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Liebster: take two

I have officially been nominated for the Liebster Award by SueBC of the ‘I’m Feeling This’ blog. I say ‘officially’ because the questions I recently answered in relation to the Liebster Award were a general shout out from zees muse to anyone who wanted to answer them; this time, SueBC nominated me directly.

for me? thanks!

 

One of the stipulations of this blogging award is that you not only answer the questions presented to you, but you then come up with a set of questions for the 5 other blogs that you nominate. Problem is, the blogs I read have either already been nominated or they don’t like to participate in these question/answer type of challenges. I can NOT pass up the opportunity to answer a blogging questionnaire though, so I will forfeit the ‘award’ but answer the questions anyway!

don’t look at me like that! I’m just tweaking the rules to suit me…

 

The first few questions are duplicates from the set I answered for zees muse, but I will be giving different answers this time around. I very rarely have just one favorite anything, so it’s not like I’ll be wracking my brain to come up with more answers!

Raindrops on Roses or Whiskers on Kittens? this is so hard!

 

1.) What is the best movie you have seen in the past year?

Does this question mean ‘best new release’ or just any movie that I’ve seen for the first time recently? If it’s the latter, then that would definitely be ‘The Guest’, which I wrote a little about here. If it’s ‘best newer release’, then my answer is: Doctor Strange. I really enjoy the Marvel movies but for some reason I had low expectations for this one. Benedict Cumberbatch proved me so wrong, I am very happy to say! I loved his look, I loved his accent, I loved the way I started out scoffing at the character’s selfish arrogance but grew to feel so warmly towards him by the end. I thought Tilda Swinton and Mads Mikkelsen were excellent as well.

 

2.) What is the most memorable live theatre and/or concert experience you’ve had in the past year?

My daughter’s Spring Concert for Middle School Choir. I was really impressed with the selections, particularly Michael Jackson’s ‘Man in the Mirror’ and Queen’s ‘Bohemian Rhapsody’.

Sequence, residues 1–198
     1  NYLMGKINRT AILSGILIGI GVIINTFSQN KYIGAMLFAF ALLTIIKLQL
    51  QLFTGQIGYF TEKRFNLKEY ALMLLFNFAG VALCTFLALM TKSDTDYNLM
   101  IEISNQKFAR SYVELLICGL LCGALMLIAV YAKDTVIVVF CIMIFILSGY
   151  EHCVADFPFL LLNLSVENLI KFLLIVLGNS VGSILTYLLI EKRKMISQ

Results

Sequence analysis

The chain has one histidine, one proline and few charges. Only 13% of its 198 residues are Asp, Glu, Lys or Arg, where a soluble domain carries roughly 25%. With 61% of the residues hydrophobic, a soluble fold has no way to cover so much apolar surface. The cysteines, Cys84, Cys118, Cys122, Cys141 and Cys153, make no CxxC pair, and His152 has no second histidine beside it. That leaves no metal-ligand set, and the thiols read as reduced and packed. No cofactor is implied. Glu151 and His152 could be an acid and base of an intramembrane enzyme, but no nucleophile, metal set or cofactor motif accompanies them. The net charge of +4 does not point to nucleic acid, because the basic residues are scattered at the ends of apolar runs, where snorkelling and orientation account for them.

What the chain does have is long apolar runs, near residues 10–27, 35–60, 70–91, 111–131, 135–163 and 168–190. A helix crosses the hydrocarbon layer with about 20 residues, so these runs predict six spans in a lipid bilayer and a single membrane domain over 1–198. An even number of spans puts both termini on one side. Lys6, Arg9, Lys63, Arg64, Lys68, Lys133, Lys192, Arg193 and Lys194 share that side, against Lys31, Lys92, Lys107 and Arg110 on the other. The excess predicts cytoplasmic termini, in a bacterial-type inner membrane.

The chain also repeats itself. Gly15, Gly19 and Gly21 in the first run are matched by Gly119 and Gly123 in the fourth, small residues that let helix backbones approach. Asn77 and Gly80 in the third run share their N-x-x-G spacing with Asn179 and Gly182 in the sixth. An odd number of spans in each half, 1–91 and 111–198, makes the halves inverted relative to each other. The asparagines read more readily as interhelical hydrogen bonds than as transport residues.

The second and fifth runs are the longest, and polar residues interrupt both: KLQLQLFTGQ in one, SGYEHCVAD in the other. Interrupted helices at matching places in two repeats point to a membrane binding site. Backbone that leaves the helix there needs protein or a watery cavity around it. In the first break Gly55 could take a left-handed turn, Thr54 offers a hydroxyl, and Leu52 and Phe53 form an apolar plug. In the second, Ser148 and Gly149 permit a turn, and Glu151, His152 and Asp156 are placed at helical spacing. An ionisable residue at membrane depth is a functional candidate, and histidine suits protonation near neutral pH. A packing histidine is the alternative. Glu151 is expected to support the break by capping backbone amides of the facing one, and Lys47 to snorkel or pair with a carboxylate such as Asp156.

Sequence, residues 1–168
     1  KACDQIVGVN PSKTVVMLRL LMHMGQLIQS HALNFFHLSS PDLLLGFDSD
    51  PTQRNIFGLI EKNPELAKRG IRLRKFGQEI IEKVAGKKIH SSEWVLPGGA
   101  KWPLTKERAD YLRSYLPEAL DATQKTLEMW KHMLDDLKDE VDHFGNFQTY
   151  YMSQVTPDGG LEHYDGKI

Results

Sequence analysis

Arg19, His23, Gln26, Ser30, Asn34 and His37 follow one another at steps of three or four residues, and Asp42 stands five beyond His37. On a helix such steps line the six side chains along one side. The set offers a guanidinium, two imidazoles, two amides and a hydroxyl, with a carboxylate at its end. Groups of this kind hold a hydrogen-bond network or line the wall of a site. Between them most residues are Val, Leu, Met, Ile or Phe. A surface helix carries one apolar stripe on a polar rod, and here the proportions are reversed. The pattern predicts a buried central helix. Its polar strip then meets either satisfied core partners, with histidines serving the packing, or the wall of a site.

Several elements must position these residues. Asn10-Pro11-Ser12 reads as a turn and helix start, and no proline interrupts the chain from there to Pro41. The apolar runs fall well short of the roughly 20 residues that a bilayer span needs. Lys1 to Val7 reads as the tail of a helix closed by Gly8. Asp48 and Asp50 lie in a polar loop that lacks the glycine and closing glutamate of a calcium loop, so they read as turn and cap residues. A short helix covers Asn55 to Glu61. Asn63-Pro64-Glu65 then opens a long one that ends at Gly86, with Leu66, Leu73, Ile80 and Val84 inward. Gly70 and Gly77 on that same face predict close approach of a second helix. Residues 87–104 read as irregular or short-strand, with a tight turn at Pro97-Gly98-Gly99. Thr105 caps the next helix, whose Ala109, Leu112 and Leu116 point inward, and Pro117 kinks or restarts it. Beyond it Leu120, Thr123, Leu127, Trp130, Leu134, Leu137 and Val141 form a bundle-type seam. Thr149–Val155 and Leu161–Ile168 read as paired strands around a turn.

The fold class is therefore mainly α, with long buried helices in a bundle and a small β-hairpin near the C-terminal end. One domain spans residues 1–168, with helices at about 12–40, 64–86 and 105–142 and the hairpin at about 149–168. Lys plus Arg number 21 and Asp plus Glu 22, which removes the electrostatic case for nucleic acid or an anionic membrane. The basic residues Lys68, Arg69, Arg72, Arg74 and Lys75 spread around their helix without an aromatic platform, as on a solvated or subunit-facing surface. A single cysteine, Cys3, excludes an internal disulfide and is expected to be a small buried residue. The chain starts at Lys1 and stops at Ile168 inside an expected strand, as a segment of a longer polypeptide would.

they did both

 

3.) What is the best book you’ve read in the past year?

Truthfully, I’ve not read anything in the past year that could qualify. I did stumble across a Twilight fanfic that I really enjoyed though, and ended up reading more than once. It was called ‘Because of a Boy’. The story centered around a single mother of a child with Asperger’s, who meets and falls in love with a man whose father has Asperger’s as well. It made me cry several times throughout the story, not in sadness, but more for the way the families acknowledged and adapted to their circumstances so willingly. Edward understood the little boy in a way that most others could not because he had grown up with a father who was so similar. Edward not only loved his father but he genuinely liked being around him, and so he always made time for him. On the flip side, Bella was able to understand Edward’s father in a way that he never experienced as a young boy, because his parents were not as understanding and accepting as she was. One of my favorite aspects of the story was the way that Edward’s father called him several times a day to inform him of random facts. Because of this, Edward was able to bond with Bella’s son in the same way, the two often trying to stump each other. The story really touched me because of my struggles with anxiety as a child, and just imagining how much easier things could have been if I didn’t feel like I had to hide it all of the time. That, and the fact that the phrase ‘did you know’ is one that my husband and children are quite familiar with…speaking of, did you know that ‘Google’ is a misspelling of the term ‘googol’, which is the number 10 raised to the 100th power? Dan Stevens taught me that.

 

4.) What is your favorite photo of the past week on your mobile phone and are you willing to share it?

My son completed his Eagle Scout rank for Boy Scouts. This photo was taken at the ceremony, of him awarding me my ‘Mother’s Pin’. It’s funny to me because I had just fumbled with the pin I placed on his uniform; I couldn’t figure out how it worked (you had to push, then pull). So when it was his turn, he didn’t know how it worked either and I had to show him.

 

5.) What is your favorite photo ever of your favorite actor/actress?

I’m supposed to pick just one photo? Ha! That’s not happening. I’ll narrow it down to 3 instead:

and anytime he makes the ‘confused’ face, because I love the raised eyebrow.

 

6.) What songs are at the top of your playlist right now?

Two different songs by Sara Bareilles. The Light because I think it’s a beautiful song, both musically and lyrically.

You are the air in my breath, filling up my love soaked lungs
Such a beautiful mess, intertwined and overrun
Nothing better than this, knowing that the storm can come
You feel just like the sun
Just like the sun